>result of unexpected ploidy changes (Nashiyama et al., 1991). This
>phenomenon has been documented between B. napus and B. campestris, and
>between B. napus and B. nigra.
>The aim of this project is to determine the feasibility and frequency of
>gene flow between transgenic canola (B. napus) and related weed species.
>Experiments carried out under controlled conditions will provide data that
>can be used to model possible genetic transfer that may occur under field
>conditions. Similarly, competitive fitness of plants from hybrid
>combinations will add invaluable information concerning the potential risks
>to the environment should genetic transfer occur between cultivated and
>MATERIAL AND METHODS
>Field Pollen Movement. A field pollen movement study was carried out in the
>spring of 1993. In this experiment a plot (10 m2) of glufosinate resistant
>canola was surrounded by an 8 m border of glufosinate susceptible canola
>(`Helios'). At harvest the susceptible border was sampled in four
>directions (north, east, south and west) every 1.5 m from the herbicide
>resistant center. Four samples, each of 200 seeds, were sown from each
>sample position. When seedlings reached a 1-2 leaf stage they were sprayed
>with the recommended field rate of glufosinate. Surviving plants were
>sprayed a second time to avoid errors caused by escapes. Plants surviving
>the second spray were counted and assumed to have resulted from cross
>pollination with plants from the herbicide resistant center.
>In the following year (1994) pollen movement was examined in greater detail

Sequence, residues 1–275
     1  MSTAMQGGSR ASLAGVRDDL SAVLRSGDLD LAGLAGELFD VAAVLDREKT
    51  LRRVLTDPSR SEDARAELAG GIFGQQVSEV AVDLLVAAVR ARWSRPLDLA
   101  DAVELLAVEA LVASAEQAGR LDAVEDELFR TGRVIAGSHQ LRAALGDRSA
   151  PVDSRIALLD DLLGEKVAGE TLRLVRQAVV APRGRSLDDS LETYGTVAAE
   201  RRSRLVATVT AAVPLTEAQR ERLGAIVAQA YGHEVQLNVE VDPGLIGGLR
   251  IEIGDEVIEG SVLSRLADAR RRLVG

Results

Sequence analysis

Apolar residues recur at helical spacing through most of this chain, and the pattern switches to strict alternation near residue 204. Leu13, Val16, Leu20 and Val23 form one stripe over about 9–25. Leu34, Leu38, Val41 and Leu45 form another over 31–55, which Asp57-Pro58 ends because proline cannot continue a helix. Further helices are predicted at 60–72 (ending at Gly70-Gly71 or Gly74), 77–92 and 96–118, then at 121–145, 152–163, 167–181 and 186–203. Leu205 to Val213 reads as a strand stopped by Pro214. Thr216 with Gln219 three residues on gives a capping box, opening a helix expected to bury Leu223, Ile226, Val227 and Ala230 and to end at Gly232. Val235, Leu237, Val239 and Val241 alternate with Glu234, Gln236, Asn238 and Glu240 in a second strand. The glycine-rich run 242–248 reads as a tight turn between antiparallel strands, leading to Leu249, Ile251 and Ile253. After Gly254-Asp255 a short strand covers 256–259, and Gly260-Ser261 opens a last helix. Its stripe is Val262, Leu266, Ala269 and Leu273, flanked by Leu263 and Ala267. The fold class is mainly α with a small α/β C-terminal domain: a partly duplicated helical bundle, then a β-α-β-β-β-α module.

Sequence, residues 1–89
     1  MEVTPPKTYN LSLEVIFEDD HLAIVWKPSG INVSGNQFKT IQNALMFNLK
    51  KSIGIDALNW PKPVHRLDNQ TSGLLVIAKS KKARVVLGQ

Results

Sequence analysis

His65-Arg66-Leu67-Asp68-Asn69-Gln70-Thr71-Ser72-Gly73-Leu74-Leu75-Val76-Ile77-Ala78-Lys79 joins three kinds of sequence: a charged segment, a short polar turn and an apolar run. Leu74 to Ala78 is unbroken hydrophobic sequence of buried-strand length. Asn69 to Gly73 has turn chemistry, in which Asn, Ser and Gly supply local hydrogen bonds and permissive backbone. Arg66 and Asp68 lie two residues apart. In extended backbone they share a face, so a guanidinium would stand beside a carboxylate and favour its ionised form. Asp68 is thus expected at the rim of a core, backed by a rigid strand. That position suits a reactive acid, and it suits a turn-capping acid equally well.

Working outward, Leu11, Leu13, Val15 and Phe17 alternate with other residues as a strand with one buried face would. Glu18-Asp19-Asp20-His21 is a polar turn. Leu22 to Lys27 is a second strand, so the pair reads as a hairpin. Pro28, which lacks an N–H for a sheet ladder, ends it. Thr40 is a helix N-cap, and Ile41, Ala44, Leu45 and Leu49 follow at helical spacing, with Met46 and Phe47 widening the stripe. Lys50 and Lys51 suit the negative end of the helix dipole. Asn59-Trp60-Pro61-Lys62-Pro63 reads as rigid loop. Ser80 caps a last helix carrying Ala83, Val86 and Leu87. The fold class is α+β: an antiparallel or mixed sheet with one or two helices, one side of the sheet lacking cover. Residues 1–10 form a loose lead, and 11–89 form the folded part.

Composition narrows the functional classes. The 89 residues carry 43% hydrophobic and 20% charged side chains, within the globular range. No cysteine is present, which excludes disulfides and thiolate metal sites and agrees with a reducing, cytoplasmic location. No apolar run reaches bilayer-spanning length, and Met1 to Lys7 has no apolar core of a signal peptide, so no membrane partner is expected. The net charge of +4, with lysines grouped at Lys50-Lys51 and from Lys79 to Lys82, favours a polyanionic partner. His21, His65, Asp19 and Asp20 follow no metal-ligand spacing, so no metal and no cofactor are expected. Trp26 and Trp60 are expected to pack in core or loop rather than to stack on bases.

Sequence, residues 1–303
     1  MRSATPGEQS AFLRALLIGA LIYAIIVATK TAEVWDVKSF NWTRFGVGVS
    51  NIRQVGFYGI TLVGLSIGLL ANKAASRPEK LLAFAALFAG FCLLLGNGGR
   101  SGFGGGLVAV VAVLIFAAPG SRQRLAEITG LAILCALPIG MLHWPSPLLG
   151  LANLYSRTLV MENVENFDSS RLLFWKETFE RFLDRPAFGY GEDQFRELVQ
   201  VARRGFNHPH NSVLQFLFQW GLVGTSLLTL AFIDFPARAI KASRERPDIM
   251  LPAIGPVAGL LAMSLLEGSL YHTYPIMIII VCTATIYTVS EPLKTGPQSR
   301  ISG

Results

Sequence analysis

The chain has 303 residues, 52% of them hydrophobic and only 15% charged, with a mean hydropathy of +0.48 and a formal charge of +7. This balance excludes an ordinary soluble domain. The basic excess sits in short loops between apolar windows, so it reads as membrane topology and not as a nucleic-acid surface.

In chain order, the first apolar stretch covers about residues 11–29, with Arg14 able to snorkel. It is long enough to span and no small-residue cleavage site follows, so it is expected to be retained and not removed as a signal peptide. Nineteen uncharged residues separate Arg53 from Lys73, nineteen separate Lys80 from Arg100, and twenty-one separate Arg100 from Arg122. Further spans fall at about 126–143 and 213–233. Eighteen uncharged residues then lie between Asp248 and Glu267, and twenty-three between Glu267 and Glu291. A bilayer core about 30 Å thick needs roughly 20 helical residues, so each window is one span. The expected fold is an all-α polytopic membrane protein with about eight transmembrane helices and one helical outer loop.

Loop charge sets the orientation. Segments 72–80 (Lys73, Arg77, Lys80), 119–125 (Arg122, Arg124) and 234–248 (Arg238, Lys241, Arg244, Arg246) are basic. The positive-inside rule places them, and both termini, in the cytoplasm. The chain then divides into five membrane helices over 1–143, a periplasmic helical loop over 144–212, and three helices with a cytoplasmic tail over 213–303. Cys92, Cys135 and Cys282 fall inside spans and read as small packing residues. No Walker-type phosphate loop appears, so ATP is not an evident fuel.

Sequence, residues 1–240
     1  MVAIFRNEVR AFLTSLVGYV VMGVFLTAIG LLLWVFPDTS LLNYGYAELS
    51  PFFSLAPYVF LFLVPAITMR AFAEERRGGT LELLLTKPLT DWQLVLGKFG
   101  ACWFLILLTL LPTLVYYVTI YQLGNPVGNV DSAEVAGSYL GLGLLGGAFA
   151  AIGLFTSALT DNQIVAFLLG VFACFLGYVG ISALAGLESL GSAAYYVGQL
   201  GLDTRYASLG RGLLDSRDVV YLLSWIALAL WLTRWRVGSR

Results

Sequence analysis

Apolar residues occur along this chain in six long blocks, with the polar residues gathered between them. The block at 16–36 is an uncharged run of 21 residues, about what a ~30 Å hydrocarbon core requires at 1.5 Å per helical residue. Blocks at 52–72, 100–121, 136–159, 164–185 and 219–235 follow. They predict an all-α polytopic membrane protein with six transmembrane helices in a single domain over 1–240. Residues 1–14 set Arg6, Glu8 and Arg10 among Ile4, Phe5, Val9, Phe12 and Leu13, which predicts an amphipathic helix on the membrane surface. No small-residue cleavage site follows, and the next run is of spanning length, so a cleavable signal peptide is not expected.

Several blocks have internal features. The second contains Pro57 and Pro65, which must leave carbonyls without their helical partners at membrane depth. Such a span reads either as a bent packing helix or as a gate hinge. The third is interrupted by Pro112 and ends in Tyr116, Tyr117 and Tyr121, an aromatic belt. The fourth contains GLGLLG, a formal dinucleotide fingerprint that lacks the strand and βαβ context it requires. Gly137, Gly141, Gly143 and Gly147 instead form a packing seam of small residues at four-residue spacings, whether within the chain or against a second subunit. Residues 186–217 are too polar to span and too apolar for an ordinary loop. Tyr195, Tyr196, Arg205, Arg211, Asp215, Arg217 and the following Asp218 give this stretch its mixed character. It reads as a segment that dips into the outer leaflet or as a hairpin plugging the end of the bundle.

>in an experiment grown at two locations in Northern Idaho (Moscow and
>Genesee). At both locations a plot of transgenic glufosinate resistant
>canola was surrounded by a 30 m wide border of herbicide susceptible
>canola. The susceptible canola border was planted using a mixture of seed
>from three canola cultivars (`Legend', `Westar' and `Helios') each with a
>different flowering time to ensure synchronous flowering with resistant
>genotypes in the center. At maturity, seeds were collected from the
>non-transgenic canola border every 1.5 m along sixteen 26 m long rays
>spaced 22.5°apart. The seed from each sample position was grown in the
>greenhouse to the 1-2 leaf stage, and sprayed with glufosinate at the 0.42
>kg ai/ha. Sprayed plants were evaluated 7 days after treatment. To ensure
>there were no escapes, all surviving plants were sprayed again with the
>herbicide dose previously mentioned and survivors counted.
>In both years of study, herbicide resistant and susceptible cultivars were
>included in the herbicide spray design as controls.
>Greenhouse Interspecific Hybridization. Interspecific and intergeneric
>hybridization between transgenic herbicide resistant canola and three
>related weed species (wild mustard, birdsrape mustard and black mustard)
>was examined in greenhouse experiments. Two genotypes of transgenic canola
>and one susceptible canola (`Cyclone') were crossed in all possible
>combinations, including selfs and reciprocals in a full diallele crossing
>design with the three weed species.